The Dutch court rul­ing is a great ex­am­ple of what needs to be done. If politi­cians are go­ing to be com­pla­cent, it is up to other ar­eas of so­ci­ety to step up and show their sup­port for en­vi­ron­men­tal is­sues. De­bra Roberts, a co-chair of the work­ing group in the UNIPCC re­port, re­ferred to the re­port as “the largest clar­ion bell from the science com­mu­nity,” and hopes that “it mo­bi­lizes peo­ple and dents the mood of com­pla­cency.”

This just might be the case within the Mcgill com­mu­nity. This Mon­day Oc­to­ber 22, Di­vest Mcgill or­ga­nized a rally for di­vest­ment, de­mand­ing the univer­sity to stop sup­port­ing the fos­sil fuel in­dus­try. Schellnhu­ber com­mented, “I think that in the fu­ture peo­ple will look back on 2018 as the year when cli­mate re­al­ity hit. This is the mo­ment when peo­ple start to re­al­ize that global warm­ing is not a prob­lem for fu­ture gen­er­a­tions, but for us now.”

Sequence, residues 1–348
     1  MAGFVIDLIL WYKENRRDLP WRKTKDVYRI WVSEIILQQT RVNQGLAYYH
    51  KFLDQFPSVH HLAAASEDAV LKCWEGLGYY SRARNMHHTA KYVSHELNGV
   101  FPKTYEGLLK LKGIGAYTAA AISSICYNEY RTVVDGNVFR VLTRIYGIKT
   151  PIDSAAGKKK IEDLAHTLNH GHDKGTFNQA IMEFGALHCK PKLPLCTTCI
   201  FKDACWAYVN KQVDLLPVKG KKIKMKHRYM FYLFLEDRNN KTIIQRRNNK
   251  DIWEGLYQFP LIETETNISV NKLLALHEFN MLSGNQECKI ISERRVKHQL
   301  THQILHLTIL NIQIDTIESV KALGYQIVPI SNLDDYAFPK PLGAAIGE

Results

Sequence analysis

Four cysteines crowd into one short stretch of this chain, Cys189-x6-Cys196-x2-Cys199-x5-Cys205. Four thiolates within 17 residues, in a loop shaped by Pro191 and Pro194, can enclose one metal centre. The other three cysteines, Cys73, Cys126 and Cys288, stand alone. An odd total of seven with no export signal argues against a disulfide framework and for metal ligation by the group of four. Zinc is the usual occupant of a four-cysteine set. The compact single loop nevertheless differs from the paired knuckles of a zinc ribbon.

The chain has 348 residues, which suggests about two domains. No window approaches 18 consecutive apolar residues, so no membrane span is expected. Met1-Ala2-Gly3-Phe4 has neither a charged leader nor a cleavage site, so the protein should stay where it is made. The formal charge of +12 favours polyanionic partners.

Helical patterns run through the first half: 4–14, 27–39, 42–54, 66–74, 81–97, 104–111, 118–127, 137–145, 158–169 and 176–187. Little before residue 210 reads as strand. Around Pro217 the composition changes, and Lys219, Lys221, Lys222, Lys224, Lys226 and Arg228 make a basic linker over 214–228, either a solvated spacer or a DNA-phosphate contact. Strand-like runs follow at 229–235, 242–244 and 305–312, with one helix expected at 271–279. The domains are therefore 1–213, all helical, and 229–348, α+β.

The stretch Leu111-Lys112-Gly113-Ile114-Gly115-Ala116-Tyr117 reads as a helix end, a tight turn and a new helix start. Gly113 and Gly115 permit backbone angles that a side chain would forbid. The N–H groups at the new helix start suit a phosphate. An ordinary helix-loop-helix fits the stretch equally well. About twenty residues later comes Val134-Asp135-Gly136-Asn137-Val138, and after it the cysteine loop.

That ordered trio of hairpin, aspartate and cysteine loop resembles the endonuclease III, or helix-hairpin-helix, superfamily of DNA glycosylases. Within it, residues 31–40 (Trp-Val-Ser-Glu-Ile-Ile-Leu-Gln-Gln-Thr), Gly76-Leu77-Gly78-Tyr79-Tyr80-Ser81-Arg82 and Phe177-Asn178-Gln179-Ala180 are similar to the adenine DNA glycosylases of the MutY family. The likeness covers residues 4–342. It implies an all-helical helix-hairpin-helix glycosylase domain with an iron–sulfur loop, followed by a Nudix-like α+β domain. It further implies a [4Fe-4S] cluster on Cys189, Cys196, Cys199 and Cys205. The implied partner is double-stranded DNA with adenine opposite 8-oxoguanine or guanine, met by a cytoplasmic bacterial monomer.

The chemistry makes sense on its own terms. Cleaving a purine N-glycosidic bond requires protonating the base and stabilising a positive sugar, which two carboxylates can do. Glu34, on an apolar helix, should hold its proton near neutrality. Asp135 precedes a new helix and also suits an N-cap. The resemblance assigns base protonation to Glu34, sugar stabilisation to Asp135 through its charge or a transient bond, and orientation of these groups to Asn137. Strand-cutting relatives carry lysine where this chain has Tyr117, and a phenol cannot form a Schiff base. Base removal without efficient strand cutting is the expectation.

There is still some hope left within the sci­en­tific com­mu­nity, linked to the re­cent and re­cur­ring heat­waves. With ab­nor­mally hot tem­per­a­tures ex­pected to last un­til at least 2022, cit­i­zens across the globe will ex­pe­ri­ence the im­pact of global warm­ing for them­selves. A sil­ver lin­ing lies in the hope that this first-hand ex­pe­ri­ence will spark a de­sire for change and push peo­ple to ac­tion. With a bit of luck, it won’t be too late.

“1.5°C is not just a po­lit­i­cal con­ces­sion. There is a grow­ing recog­ni­tion that 2°C is dan­ger­ous.” -Jo­han Rock­ström, co-au­thor, “Hot­house Earth” Re­port

If politi­cians are go­ing to be com­pla­cent, it is up to other ar­eas of so­ci­ety to step up and show their sup­port for en­vi­ron­men­tal is­sues.